Posts Tagged volunteer
Teachers need techniques. There is no shame in a new teacher adopting a great lesson plan from a generous master teacher. The sharing of “best practices” is a common activity at staff meetings. As so many veteran teachers will admit, some of their best ideas were “borrowed” from colleagues. It’s what teachers do – brag about a great unit they just taught, helpfully hint at a classroom management strategy that a colleague might need, and refresh their dwindling enthusiasm at the pool of shared experience and creativity.
In San Diego County, educators, schools, and students have the good fortune to be located near the home office of a dynamic education company that offers its own well of energetic, inspired ideas: Quantum Learning. This is not an advertisement; this is a testimony. Quantum Learning uses brain research to inform its instructional methodology. They also offer brain-based methods for learners via summer camps. But that sounds so dry. Really, the impact of what Quantum Learning delivers in its teacher workshops and camps can best be conveyed by a description of a Quantum Learning-infused classroom.
Imagine a classroom filled with color and light – a cozy lamp, a bright tablecloth – and posters displaying positive messages such as “Today became great when YOU arrived.” Listen – there is music playing, upbeat as you enter the room and soothing as you work. There’s a teacher who gets the class up and moving at frequent intervals, using body motions, choral response, and visual cues to engage kids and help them remember concepts. Notes are taken in color with picture drawing encouraged, and students whose brains don’t work in a linear mode are taught mind-mapping instead of traditional notes. Life skills are imparted along with academics – keys such as “Failure leads to success” encourage kids to see their efforts as building blocks towards success when they struggle. Kids start class charged up and ready for learning and leave class with concrete knowledge about what they know and don’t know and how to move forward.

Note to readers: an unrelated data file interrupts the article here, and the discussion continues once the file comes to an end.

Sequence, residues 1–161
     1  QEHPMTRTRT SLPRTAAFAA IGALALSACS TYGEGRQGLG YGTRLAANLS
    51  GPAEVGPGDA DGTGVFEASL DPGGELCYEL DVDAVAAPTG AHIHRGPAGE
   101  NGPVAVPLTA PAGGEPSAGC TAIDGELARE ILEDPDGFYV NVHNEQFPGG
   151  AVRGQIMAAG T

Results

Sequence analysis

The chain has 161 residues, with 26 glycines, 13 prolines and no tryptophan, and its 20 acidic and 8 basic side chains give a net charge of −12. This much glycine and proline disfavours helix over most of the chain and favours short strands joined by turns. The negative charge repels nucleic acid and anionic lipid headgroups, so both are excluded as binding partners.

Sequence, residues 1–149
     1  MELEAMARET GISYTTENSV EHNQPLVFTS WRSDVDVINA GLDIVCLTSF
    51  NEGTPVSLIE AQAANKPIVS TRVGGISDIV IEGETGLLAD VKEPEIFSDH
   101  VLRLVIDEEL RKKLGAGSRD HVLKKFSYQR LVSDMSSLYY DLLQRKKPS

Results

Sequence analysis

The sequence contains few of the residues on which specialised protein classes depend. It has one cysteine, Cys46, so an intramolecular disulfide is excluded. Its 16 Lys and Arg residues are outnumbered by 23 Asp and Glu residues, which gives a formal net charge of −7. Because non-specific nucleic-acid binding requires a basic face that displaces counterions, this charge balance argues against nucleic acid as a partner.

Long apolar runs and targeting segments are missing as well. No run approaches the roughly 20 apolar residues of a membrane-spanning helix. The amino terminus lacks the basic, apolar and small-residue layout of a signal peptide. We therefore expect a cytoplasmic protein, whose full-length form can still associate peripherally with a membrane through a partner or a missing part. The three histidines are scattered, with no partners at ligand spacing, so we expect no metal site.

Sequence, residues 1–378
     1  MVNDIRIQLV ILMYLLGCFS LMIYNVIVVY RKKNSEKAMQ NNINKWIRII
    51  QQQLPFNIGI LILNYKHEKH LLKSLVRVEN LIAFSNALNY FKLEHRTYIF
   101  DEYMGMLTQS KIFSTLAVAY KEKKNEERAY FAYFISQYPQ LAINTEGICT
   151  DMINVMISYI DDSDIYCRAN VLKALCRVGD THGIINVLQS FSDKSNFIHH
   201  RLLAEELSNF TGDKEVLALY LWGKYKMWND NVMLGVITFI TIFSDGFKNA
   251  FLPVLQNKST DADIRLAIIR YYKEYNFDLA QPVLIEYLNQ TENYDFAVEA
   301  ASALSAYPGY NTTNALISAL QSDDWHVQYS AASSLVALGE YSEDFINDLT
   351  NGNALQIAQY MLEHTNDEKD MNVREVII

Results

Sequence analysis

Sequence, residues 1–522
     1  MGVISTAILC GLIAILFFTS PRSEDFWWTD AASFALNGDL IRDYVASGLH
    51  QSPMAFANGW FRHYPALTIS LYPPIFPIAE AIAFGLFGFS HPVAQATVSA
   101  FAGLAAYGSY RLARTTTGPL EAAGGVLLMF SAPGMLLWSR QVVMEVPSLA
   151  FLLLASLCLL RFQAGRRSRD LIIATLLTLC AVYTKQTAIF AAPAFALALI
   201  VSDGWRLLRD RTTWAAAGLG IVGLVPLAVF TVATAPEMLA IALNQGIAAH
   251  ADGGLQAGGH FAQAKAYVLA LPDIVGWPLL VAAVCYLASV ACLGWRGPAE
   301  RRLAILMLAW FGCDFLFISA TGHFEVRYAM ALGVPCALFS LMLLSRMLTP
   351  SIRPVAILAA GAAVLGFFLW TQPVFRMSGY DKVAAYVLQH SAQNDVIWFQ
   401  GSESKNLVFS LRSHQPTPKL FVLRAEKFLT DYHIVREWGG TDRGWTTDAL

It is difficult to share the techniques with a colleague who has never “been to the well” – to outsiders, it seems gimmicky, perhaps even cultish. But teachers who have attended a Quantum Learning workshop and tried the strategies in their own classroom know how powerful they can be. These days, with tight budgets limiting the acquisition of expensive toys like smart boards and individual student laptops, our schools are more in need than ever of good strategies that help kids learn, make school a positive, energetic, attractive place, and infuse joy back into the teachers’ efforts.
A new school year is here! Below is a message sent out by Quantum Learning with helps for starting a new year with new students. There are some specific and easy ideas for each part of FADE, with links to terrific resources. Enjoy!
Wow! Another school year is already upon us. Where did the summer go? Well, school can be fun, too, because Quantum Learning has a ton of ideas for you on how to get things off to a great start and make it the best year ever for you and your students.
Remember, Quantum Learning is a SYSTEM for boosting student engagement and learning and it all begins with FADE: